Previous court rulings by Boasberg and appeals courts had ruled the four-year-old pipeline is operating without a legal water-crossing easement, and they asked the Army Corps to act.

However, the Army Corps said it would allow DAPL to keep flowing for now and would continually monitor the pipeline’s operations and legal status, essentially punting the to Boasberg on the 1,200-mile pipeline from North Dakota to Illinois.

“The Corps has conspicuously declined to adopt a conclusive position regarding the pipeline’s continued operation, despite repeated prodding from this court and the court of appeals to do so,” Boasberg wrote. “Its chosen course has instead been — and continues to be — one of inaction. Such indecision, it is important to note, does not stem from a lack of time. Nor from a lack of attention.

“Whatever the reason, the practical consequences of the Corps’ stasis on this question of heightened political controversy are manifest: the continued flow of oil through a pipeline that lacks the necessary federal authorization to cross a key waterway of agricultural, industrial, and religious importance to several Indian Tribes.”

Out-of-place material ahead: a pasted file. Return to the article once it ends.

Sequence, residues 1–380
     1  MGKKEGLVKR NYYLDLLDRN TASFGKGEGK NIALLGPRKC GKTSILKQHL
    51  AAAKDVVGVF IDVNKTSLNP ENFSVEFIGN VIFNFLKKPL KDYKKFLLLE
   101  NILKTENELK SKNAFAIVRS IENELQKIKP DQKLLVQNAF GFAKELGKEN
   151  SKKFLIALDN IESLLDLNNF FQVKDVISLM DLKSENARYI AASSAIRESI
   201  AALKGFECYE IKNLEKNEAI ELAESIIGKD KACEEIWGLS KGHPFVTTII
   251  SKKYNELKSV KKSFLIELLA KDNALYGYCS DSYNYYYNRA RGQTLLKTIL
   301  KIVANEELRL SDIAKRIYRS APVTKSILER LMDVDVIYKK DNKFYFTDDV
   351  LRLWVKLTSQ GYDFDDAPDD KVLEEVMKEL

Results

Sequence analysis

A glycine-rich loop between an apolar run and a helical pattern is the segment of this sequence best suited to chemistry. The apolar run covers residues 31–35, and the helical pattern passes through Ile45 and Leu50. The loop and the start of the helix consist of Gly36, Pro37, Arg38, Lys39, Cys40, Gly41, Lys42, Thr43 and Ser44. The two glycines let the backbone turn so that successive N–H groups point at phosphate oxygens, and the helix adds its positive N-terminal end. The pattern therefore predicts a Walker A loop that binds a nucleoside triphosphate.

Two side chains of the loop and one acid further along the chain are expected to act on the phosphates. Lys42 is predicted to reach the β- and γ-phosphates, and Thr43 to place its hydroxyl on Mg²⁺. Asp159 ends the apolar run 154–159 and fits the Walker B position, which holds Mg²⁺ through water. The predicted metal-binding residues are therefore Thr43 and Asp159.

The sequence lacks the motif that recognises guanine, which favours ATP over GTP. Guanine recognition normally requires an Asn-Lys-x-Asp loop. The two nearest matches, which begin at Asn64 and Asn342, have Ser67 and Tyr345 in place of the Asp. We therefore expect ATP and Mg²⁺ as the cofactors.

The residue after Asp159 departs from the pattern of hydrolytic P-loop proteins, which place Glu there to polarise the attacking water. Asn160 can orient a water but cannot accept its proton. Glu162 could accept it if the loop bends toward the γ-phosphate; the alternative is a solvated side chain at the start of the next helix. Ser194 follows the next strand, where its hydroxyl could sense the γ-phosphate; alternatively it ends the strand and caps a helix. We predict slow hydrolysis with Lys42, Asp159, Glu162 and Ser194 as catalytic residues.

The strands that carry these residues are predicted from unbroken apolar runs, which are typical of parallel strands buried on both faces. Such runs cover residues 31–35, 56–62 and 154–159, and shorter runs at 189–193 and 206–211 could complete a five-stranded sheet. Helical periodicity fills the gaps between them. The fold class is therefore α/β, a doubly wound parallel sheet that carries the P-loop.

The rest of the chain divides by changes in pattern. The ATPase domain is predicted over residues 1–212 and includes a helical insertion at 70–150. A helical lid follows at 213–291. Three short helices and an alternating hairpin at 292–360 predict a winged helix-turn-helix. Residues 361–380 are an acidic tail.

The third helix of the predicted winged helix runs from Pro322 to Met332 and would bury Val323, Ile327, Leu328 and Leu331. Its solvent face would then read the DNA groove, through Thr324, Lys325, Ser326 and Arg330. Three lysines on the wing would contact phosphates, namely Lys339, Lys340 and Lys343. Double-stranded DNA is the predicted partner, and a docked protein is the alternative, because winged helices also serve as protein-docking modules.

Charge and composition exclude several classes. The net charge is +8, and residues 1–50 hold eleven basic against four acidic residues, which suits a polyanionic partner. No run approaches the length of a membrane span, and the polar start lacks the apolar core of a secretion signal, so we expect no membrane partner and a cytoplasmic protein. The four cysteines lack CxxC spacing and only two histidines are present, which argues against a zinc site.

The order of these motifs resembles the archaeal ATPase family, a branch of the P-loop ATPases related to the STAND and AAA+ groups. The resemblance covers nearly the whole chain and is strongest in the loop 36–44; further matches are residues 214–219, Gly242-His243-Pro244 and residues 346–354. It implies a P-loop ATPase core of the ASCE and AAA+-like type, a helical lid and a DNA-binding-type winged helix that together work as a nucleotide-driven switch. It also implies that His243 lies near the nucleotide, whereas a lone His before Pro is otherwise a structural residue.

The plaintiffs reacted with disappointed, but pointed out the fight is not over with the Army Corp’s Environmental Impact Statement review ongoing. They had hoped the Army Corps’ stance would shift after the move from the Trump administration to President Joe Biden — especially after Biden canceled the XL Pipeline permit — but that has not been the case.

“We believe the Dakota Access Pipeline is too dangerous to operate and should be shuttered while environmental and safety implications are studied – but despite our best efforts, today’s injunction was not granted,” said Standing Rock and Earthjustice attorney Jan Hasselman in a statement. “The unacceptable risk of an oil spill, impacts to tribal sovereignty and harm to drinking water supply must all be examined thoroughly in the months ahead as the US Army Corps conducts its review of this pipeline.”

Pipeline operator Energy Transfer did not immediately comment on the ruling, but its executives had remained steadfastly confident in their public comments that DAPL would never close. In fact, an expansion remains on track for later this year.


The Dakota Access fight captured the nation’s attention in 2016 during a prolonged series of , violent eruptions and arrests along the route. Former ultimately intervened to block the pipeline in December 2016 as one of his last, lame-duck acts in office.